10 sci-fi cult classics not to be forgotten

'Back to the Future' is a sci-fi classic.
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The genre of science-fiction is so common in the modern era, that many people forget its roots. From its origins in 1818 with Mary Shelley’s ‘Frankenstein’, there have been many cult classics that bring justice to the genre and pave the way for modern works.

Here are 10 science-fiction cult classics that you shouldn’t forget about…

‘Star Trek’ (1966)

The origins of the extensive and beloved franchise, ‘Star Trek’ began in 1966. This original series led to the development of nine different television series of ‘Star Trek’, as well as a total of 13 films. While the story remains much loved in society and enjoyed continuously by all generations, it is good to remember the origins of the tale.

‘2001: A Space Odyssey’ (1968)

This film was a staple of it’s time and is often remembered as one of the leading films in introducing Artificial Intelligence in film and the start of modern science fiction films. Even those who haven’t seen the film will be able to recognise its references; “I’m sorry, Dave. I’m afraid I can’t do that.” As well as HAL’s reference in the popular Disney film ‘WALL-E’.

‘Planet of the Apes’ (1968)

‘Planet of the Apes’ is a cult classic that has still been thriving to this day, the newest film being estimated to release in 2024. This film series unravels an intense battle for power as humans and a race of intelligent apes clash for control. Deep in meaning and social commentary, this series can be enjoyed by the casual viewer and the critic.

‘Alien’ (1979)

Beginning in 1979, the ‘Alien’ film series gained a cult following and spawned a plethora of film spin-offs, novels, comic books, video games, and toys. This sci-fi horror delved into the fear and darkness of science fiction and space exploration. Moving into more modern additions to the franchise offers cult followers a deep and complicated world to explore.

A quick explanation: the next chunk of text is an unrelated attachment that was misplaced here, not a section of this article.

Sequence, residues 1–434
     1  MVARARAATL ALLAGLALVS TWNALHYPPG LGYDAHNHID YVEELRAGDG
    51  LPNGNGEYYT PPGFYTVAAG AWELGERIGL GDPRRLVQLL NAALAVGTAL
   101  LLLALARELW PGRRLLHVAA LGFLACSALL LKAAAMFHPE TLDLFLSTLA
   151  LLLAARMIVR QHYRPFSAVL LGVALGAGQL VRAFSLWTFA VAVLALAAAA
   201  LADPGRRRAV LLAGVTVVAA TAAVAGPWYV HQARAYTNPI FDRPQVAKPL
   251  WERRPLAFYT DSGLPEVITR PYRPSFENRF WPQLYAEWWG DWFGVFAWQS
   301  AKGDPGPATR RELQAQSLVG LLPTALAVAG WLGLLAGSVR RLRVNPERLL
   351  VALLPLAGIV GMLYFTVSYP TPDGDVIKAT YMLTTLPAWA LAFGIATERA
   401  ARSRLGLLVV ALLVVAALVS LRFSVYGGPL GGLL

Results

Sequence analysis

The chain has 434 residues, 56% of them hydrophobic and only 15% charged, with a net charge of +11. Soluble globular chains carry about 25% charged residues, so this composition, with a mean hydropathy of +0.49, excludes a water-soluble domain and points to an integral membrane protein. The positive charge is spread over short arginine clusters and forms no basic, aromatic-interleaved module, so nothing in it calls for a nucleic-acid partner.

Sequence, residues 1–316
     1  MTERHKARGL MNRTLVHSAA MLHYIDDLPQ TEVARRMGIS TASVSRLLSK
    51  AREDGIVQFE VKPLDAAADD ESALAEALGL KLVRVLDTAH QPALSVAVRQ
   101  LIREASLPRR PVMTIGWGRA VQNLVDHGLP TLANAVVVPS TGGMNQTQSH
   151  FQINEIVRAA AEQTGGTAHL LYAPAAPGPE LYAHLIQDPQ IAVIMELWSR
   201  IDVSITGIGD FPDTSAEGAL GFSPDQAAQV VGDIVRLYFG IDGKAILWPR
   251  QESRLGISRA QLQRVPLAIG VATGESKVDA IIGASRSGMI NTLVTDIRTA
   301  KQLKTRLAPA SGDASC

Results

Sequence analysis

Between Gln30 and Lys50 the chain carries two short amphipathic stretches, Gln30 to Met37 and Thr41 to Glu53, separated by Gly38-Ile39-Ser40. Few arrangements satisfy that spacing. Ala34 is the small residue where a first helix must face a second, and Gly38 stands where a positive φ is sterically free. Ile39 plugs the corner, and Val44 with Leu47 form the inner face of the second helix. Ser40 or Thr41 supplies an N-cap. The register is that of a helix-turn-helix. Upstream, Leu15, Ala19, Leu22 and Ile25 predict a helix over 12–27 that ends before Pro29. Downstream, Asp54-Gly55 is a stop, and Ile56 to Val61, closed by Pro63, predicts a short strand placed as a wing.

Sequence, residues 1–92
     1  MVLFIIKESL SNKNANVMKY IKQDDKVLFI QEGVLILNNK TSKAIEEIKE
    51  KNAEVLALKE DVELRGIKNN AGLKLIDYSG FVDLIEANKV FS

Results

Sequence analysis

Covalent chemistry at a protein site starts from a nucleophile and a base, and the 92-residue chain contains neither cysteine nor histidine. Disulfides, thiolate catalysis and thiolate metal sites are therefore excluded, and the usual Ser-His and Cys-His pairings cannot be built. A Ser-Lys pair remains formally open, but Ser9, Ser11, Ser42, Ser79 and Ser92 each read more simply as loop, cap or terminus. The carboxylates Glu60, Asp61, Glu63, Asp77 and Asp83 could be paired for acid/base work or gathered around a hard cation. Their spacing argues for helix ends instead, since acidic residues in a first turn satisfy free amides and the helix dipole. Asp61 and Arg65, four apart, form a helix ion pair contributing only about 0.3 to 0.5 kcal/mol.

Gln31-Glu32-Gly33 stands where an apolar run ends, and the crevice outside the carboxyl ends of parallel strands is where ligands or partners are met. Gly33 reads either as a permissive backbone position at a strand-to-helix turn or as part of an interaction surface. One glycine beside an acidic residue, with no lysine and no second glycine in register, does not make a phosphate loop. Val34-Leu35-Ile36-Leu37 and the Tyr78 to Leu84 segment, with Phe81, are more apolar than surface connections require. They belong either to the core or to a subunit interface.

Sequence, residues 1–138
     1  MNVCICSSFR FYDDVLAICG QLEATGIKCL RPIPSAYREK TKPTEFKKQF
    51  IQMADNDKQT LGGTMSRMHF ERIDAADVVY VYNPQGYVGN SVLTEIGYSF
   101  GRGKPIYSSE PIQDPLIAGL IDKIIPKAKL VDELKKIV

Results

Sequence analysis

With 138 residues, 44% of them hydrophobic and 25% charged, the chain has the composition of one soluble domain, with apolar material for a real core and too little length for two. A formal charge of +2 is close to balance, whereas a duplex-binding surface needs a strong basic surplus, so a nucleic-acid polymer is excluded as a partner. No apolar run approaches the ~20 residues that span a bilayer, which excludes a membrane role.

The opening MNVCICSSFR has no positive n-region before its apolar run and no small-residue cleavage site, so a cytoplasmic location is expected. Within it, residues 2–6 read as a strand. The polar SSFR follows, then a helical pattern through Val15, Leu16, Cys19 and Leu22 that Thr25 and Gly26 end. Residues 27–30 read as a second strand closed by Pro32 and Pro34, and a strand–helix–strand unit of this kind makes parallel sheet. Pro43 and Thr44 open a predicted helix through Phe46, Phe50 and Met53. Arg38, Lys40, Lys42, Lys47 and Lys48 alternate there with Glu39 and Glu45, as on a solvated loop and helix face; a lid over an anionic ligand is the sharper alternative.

‘Mad Max’ (1979)

As a dystopian and post-crisis film series, ‘Mad Max’ no only stands as a much loved cult classic, but also as a much loved Australian classic. Filmed on Australian soil, ‘Mad Max’ makes a commentary on societal fragility and dependence. It also upholds as a visually appealing display of Rev-Heads and muscle cars.

‘Terminator’ (1984)

With a complex take on time travel and it repercussions, ‘Terminator’ is a popular film series that tackles the possibility of a technological apocalypse.

‘Back to the Future’ (1985)

‘Back to the Future’ is a story enjoyed by all as a classic time-travel comedy. It remains as one of the main staples of time-travel tales, and there are few that don’t associate a DeLorean with this popular cult classic. If you haven’t yet watched this film, you need to.

‘Flight of the Navigator’ (1986)

This is a Disney film that is forgotten by many and follows a 12-year-old boy who is abducted by a spaceship and is transported from 1978 to 1986. Not remembering the time passed and looking as if it didn’t, this sci-fi adventure follows the troubles and conflicts he faces as he becomes the ‘Navigator’.

‘The Fifth Element’ (1997)

‘The Fifth Element’ is a popular cult classic sci-fi film that follows a young woman who is the ‘fifth element’ in a weapon that can be used to defeat a great evil. Challenged with communication difficulties and an ability to move her to where she needs to go without being caught. It’s a film of self-discovery, social conflict, and purpose.

‘Firefly’ (2002)

The best way to describe this TV series is ‘space cowboys’. The series follows a hearty crew full of dysfunction and distrust, yet a significant amount of loyalty. They deal with the homage of a fugitive; River, as they move between different planets for resources and temporary refuge. The series is concluded with a single film, ‘Serenity’. This film is devastating, yet a suitable finally to the loved series.

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